Language can be a funny thing and even the most experienced translator can sometimes run into problems. Here are some of the most common translation challenges, along with tips to help you overcome them.
An idiom is defined as “a group of words established by usage as having a meaning not deducible from those of the individual words.” Some examples in English include “over the moon,” which means to be very happy, and “at the drop of a hat,” which means instantly.
Idioms and expressions can be tricky for translators who aren’t completely fluent in the language of the source document. Attempting to establish the meaning of an idiom based on the words alone can quickly become a drain on time and lead to frustration. It’s therefore always a good idea to have a book (or website) of idioms and expressions to hand to ensure that these can be dealt with swiftly and with certainty.
Motivation can sometimes be tough if you are a freelance translator who works alone for the majority of the time. While translation can be an exciting and interesting career choice, there are also times when a long, repetitive translation can result in a serious lack of enthusiasm.
On days like these, turn to social media and connect with your fellow translators as a source of inspiration. You could also try listening to music to re-energise your spirits, so that you have the will to plough on with the work until the job is complete.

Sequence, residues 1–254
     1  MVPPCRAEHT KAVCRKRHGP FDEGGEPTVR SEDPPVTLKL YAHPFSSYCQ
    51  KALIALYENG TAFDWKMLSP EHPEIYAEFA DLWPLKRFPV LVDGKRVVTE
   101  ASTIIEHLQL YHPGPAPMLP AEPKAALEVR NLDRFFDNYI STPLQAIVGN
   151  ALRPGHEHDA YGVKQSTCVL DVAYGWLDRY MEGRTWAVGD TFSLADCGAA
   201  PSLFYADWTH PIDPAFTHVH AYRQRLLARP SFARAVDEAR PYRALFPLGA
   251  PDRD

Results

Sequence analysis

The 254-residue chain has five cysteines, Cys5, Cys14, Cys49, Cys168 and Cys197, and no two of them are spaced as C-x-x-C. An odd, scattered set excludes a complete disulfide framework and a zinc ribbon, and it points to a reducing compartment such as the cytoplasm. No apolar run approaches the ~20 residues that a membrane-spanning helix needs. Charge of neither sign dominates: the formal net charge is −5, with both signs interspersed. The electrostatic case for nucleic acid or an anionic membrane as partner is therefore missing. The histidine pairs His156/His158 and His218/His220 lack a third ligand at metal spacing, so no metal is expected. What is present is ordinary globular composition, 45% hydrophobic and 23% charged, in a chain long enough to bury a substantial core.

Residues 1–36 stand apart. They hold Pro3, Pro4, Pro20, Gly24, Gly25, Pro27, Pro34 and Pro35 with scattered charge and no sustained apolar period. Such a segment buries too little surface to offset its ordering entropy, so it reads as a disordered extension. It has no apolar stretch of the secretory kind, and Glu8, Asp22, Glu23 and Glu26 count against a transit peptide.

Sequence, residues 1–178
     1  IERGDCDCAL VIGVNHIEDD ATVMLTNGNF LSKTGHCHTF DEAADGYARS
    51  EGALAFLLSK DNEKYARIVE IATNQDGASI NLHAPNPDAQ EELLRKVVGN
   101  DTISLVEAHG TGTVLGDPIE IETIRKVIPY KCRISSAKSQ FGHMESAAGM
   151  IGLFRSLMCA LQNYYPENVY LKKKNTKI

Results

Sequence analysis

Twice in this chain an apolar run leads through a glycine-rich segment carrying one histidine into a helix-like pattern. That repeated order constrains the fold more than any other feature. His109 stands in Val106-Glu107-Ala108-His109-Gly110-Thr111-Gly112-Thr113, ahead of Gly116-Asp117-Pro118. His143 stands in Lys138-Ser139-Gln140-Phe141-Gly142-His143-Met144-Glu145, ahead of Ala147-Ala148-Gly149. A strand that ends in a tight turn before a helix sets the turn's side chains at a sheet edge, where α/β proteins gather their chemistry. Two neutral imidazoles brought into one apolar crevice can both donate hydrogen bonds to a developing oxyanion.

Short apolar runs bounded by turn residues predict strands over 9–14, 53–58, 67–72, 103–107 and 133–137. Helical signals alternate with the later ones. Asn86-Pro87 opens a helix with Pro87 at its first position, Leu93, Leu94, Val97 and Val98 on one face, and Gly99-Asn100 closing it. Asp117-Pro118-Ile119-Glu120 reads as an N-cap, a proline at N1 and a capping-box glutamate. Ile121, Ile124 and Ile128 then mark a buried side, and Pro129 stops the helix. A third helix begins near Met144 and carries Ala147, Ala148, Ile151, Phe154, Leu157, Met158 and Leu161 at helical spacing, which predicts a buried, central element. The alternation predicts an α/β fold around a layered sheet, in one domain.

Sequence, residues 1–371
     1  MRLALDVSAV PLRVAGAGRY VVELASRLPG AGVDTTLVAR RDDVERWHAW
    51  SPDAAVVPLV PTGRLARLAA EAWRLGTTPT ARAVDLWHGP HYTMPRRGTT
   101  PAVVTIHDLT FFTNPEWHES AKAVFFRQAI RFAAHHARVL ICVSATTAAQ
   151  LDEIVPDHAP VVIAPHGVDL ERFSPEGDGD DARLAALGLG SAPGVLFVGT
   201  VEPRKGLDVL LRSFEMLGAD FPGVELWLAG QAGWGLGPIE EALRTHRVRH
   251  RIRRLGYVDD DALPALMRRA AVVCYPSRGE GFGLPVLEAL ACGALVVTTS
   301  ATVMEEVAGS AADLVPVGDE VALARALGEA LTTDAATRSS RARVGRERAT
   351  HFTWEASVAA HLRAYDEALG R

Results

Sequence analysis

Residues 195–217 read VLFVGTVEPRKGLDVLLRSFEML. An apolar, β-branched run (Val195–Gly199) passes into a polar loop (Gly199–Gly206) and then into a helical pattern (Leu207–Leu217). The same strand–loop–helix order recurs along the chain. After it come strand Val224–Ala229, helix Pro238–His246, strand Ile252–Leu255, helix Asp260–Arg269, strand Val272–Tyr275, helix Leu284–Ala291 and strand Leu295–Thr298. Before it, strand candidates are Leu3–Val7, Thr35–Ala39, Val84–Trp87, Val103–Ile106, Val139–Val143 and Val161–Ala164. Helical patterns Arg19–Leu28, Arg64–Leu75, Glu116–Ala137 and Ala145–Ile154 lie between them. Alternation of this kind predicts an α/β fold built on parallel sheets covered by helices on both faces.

Another linguistic challenge is found in words that exist in one language, but not in another. “Saudade” in Portuguese and Galician describes “a deep emotional state of nostalgic or profound melancholic longing for an absent something or someone that one loves,” with the sense that the object or person in question may never return. There is no direct translation in English and somehow “longing” doesn’t quite cover the deep nuances of “saudade.”
There are many examples of words that have no direct translation in languages around the globe and they can often present problems for translators. Be sure to use reliable sources on the internet to quickly help you overcome such challenges.
Humour means different things in different countries, so translating a witty marketing slogan from one language to another can be a difficult task. Just because it’s funny in the original document, doesn’t mean that a direct translation will make it funny in the target language.
Having a deep understanding of both languages and cultures can help you to find workaround solutions in these instances.
Which translation challenges have you struggled with recently? How did you overcome them? Tell all in the comments!